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The sugar water/corn syrup/fruitcose vs. honey debate for feeding your bees is a long-standing one.

A bee on the buckwheat. Photo by Doug Hardwick

A bee on the buckwheat. Buckwheat is a good late summer-early fall feeding plant for your bees. Photo by Doug Hardwick

 

Recently, I found a Scientific American podcast interview from 2009 in which May Berenbaum, University of Illinois entomologist and bee researcher, discussed that very question with Steve Mirsky of Scientific American.

Here are some of the main points Berenbaum made:

  • Honeybee grubs (baby bees) eat a mixture of pollen and honey we call “bee bread.”
  • Sugar doesn’t provide bees with some of the enzymes that help bees process plant chemicals.
  • Brenebaum: “. . . feeding on nectar or honey derived from nectars [is a] very different proposition from feeding on other types of plant tissue because plants load up their vulnerable tissues with chemicals, you know, natural pesticides, so that insects won’t eat them, but they want insects to eat nectar; that’s the whole point [of nectar].”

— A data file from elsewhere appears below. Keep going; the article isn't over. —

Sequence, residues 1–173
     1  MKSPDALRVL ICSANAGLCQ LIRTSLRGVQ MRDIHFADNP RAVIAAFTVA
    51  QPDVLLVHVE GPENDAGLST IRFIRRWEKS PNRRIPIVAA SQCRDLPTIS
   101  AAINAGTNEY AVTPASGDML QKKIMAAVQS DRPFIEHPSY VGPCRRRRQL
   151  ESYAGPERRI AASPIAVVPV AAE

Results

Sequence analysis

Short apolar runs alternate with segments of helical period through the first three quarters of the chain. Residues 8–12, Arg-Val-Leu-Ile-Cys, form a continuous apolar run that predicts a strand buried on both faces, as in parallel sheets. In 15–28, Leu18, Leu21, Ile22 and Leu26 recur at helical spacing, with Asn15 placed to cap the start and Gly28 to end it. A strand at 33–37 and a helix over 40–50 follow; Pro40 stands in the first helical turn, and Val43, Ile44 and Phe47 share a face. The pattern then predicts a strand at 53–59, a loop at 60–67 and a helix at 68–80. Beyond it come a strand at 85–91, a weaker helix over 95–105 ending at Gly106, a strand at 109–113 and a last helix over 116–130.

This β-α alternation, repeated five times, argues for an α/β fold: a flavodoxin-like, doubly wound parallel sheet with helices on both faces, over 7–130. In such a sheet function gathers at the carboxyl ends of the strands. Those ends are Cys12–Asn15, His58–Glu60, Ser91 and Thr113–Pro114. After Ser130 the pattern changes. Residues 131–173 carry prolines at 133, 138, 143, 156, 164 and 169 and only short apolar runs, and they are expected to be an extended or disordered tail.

• When you substitute a natural food for an artificial one, there may unintended consequences.

Berenbaum has been awarded one of the 10 National Science Medals by President Barack Obama.

The beekeeper in this corner is a big advocate of honey over sugar water in this debate. It’s a lot easier to leave honey in the hive than to take it off and then have to feed them sugar water to get them through the next season. Sometimes that’s not possible, of course, and you do what you can to keep your bees alive. But beekeeper should think ahead and keep as much honey on the hive as possible.

They should also try to provide their bees with plants to feed on during as much of the year (Year-around (almost) blooms for the bees) as possible.

***

Below is the transcript to this part of the interview, and you can hear the entire interview at this link.

Read the rest of this entry »